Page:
An earlier attempt by the Council to debate Councillor Alan Lamb’s proposal was adjourned in July to look into the possible legal implications of councillors who are also trade union members voting on the issue. That has presumably now been sorted, as an extraordinary meeting of the Council has been called for Wednesday 7th September to debate the proposal.
Lamb’s proposal says:
“This council believes that given the current state of the public finances taxpayer subsidy of full time Trade Union officials should now be brought to an end. The £417,000 annual cost to taxpayers in Leeds for 15 full time convenors is now unjustifiable both in terms of the massive budget pressure faced by Leeds City Council and the programme of cuts to frontline services currently being undertaken by the Labour administration.”
Lamb says that councils across Yorkshire are paying over £2.5m in subsidies to full-time union officials at a time when, he says, the unions are making million-pound donations to political parties.
Responding to the proposal in July, Unison regional manager Alan Hughes said Conservative politicians across the country were “conspiring to undermine fundamental trade union rights in order to pave the way for privatisation of public services”.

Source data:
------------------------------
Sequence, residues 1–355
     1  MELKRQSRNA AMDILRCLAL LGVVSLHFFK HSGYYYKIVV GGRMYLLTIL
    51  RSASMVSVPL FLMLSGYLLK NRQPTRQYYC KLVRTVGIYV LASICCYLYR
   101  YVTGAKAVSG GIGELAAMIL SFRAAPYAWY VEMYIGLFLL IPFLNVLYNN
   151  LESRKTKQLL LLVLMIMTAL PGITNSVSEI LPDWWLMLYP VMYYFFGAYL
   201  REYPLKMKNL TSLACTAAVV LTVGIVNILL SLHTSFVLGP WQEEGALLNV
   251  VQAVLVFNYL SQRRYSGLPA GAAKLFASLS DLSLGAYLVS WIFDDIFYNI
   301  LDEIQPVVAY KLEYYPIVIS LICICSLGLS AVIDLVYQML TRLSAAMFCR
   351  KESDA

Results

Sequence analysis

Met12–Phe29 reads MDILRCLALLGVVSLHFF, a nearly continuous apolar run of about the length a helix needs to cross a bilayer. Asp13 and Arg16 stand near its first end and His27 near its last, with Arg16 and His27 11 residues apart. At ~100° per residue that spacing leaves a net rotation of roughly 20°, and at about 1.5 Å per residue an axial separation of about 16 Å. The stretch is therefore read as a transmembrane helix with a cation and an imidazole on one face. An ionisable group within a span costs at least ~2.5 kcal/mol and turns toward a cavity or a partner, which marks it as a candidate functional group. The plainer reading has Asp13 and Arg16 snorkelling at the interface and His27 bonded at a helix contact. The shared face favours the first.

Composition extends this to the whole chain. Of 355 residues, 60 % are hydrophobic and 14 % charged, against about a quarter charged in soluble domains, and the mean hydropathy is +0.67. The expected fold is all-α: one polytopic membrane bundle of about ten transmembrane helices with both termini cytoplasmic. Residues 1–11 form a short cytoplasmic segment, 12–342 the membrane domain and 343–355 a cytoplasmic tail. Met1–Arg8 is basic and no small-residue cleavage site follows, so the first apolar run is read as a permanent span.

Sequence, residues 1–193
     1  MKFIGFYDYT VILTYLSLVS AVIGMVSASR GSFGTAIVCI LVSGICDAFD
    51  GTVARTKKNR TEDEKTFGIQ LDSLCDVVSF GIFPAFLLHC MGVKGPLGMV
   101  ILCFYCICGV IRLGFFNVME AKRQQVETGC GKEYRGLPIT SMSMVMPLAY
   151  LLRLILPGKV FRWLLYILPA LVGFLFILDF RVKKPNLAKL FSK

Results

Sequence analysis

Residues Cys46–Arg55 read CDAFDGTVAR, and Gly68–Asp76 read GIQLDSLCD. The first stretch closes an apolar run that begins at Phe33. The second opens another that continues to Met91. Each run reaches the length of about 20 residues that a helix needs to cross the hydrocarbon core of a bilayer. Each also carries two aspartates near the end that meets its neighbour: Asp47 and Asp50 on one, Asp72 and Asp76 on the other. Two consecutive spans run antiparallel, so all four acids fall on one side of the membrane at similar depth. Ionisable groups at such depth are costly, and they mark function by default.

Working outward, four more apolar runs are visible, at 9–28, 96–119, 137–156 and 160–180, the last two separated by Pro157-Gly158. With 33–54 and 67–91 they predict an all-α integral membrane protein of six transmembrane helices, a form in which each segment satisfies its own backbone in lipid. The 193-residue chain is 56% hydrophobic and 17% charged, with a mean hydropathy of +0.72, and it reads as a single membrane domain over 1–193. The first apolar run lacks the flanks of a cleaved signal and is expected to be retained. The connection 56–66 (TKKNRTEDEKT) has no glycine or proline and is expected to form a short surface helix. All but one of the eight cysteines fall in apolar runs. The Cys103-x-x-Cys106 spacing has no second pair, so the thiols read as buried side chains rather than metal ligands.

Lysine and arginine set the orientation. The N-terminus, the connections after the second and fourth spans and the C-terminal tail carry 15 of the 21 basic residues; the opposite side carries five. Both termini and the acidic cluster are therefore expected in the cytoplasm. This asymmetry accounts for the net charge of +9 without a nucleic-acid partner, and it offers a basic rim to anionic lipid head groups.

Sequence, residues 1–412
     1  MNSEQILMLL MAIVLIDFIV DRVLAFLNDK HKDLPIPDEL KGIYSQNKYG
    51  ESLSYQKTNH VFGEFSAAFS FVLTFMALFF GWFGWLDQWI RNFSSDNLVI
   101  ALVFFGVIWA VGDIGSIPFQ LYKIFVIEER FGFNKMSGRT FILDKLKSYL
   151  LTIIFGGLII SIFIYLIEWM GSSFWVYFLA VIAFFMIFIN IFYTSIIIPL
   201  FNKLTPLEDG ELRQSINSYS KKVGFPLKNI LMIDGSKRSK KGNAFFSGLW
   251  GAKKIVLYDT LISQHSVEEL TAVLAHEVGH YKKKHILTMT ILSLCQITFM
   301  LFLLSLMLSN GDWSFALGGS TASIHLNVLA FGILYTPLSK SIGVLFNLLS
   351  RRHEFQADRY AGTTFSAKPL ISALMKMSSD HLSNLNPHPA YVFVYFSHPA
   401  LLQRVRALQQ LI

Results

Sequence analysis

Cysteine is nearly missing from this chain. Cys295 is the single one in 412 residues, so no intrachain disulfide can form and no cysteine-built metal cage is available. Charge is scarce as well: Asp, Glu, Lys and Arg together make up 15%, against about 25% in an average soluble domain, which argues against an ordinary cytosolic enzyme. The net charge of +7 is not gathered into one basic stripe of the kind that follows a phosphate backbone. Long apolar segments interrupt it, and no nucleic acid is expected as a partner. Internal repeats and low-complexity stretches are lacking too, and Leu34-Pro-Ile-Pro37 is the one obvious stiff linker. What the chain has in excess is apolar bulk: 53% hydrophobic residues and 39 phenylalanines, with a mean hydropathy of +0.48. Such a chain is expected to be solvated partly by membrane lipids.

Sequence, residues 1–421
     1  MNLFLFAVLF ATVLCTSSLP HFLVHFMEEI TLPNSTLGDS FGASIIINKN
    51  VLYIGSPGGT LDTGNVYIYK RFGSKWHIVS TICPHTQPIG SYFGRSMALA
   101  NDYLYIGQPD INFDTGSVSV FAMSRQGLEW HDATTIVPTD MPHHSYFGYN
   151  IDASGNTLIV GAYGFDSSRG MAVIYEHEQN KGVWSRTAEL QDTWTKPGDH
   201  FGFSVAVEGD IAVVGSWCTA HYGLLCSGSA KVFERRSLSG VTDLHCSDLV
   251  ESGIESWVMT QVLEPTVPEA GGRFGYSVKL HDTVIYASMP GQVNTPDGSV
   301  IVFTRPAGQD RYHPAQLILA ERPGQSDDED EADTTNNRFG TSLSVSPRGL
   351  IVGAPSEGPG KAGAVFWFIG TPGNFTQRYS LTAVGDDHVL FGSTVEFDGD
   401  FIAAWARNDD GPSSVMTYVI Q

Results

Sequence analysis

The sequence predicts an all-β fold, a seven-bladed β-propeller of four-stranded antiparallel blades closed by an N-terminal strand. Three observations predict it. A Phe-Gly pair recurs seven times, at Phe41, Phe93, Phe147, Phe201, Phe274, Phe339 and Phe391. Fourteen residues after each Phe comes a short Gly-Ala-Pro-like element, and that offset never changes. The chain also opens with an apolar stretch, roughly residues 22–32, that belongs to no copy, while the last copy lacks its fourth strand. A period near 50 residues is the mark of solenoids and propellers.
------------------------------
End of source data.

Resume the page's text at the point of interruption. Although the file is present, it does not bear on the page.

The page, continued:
“Trade union reps are given time off by law to allow them to represent their members, consult and negotiate about terms and conditions and ensure staff are working in safe conditions,” he told the Yorkshire Evening Post. “Employees have employment rights and choose to have them protected by joining a union. Slashing time off for trade unions will leave unions unable to defend some basic human rights.”
Strangely enough, there’s been no mention of the subsidies issue on the website of the Leeds Local Government Branch of Unison.